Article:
“With multiple companies working to bring EA to market, the charging network needs to be in place long before the exponential growth of EA air service begins,” said Christian Albertson, senior research analyst with Guidehouse Insights. “Charger developers need to determine how best to install equipment at airports and vertiports and integrate power demands with grid capacities.”

According to the report, the progression of EA into new aircraft segments and applications is, however, expected to be a significant hurdle. Other challenges include the standardisation of charging technology, charging facility locations and spatial engineering, scaling electrical capacity at airports, and installation costs.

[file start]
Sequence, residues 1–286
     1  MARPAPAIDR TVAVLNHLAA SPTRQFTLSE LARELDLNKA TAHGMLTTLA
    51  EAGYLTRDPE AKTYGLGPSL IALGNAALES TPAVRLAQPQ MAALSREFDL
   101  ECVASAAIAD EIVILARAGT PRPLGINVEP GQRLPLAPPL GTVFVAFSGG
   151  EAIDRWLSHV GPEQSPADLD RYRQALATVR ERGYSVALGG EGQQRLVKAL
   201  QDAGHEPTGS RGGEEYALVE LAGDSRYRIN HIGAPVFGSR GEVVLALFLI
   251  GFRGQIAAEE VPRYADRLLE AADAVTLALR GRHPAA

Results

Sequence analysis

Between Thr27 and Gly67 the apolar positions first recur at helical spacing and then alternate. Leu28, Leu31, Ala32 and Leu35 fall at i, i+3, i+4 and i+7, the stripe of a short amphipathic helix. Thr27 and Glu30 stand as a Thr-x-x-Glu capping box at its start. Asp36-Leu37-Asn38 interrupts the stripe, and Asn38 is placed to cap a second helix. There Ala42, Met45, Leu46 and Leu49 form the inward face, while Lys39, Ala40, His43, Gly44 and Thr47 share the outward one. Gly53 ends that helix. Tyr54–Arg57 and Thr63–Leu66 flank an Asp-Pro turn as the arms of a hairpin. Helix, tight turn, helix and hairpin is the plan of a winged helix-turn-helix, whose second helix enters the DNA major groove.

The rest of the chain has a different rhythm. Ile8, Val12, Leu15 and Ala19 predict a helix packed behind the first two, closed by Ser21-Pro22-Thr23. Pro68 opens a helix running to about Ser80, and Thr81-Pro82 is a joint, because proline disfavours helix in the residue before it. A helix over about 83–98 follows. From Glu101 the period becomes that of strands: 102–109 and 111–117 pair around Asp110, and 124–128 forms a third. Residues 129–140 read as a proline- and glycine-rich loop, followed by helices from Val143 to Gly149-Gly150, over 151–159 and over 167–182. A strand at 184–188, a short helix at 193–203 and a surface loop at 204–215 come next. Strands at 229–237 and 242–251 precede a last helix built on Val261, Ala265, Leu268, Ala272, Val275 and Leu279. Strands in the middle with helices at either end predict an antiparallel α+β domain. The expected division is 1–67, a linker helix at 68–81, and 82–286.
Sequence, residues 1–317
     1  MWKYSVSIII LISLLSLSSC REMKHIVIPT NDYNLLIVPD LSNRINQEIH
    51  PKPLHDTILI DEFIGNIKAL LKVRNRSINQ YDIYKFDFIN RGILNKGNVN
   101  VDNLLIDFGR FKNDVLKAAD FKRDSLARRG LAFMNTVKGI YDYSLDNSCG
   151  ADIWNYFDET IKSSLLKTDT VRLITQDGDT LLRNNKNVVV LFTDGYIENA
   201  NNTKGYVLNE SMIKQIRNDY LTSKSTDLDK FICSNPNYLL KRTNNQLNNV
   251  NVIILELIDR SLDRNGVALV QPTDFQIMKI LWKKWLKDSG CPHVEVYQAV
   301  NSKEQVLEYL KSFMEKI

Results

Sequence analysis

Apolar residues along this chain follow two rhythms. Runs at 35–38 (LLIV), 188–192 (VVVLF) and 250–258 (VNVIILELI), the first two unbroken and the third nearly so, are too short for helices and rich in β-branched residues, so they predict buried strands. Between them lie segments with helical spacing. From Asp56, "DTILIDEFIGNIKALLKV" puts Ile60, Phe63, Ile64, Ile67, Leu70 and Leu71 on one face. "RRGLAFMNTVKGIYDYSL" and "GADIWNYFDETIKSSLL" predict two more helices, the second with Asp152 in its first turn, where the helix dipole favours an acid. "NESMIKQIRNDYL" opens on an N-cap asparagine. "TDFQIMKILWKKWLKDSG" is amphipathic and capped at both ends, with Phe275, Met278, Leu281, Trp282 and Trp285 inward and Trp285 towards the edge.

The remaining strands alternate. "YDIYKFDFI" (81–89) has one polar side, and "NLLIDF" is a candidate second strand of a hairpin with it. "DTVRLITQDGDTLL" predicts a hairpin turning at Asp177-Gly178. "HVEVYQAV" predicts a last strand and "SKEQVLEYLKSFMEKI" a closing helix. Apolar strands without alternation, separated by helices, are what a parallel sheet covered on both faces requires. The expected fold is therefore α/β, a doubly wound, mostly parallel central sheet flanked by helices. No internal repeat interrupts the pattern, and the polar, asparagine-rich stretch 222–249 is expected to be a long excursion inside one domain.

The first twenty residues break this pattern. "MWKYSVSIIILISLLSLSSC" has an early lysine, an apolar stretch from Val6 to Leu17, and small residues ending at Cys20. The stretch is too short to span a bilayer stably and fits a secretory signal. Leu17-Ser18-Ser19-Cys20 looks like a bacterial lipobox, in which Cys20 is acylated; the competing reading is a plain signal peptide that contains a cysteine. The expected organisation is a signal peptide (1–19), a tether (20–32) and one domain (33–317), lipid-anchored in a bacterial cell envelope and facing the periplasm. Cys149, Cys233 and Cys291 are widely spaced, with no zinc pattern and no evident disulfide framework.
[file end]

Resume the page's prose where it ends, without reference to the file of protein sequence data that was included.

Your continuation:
What About the Batteries?


The more electric vehicles of any kind, and the more usage, the more spent batteries in need of replacement. Renewable electricity sourcing is the way to use the batteries in a net-zero way, but what about making them, or when their effective cycles are depleted?

Experts warned us last year that the processing is not yet up to the task to avoid considerable environmental impact from this part of an EV’s life if growth continues without significant battery recycling development alongside.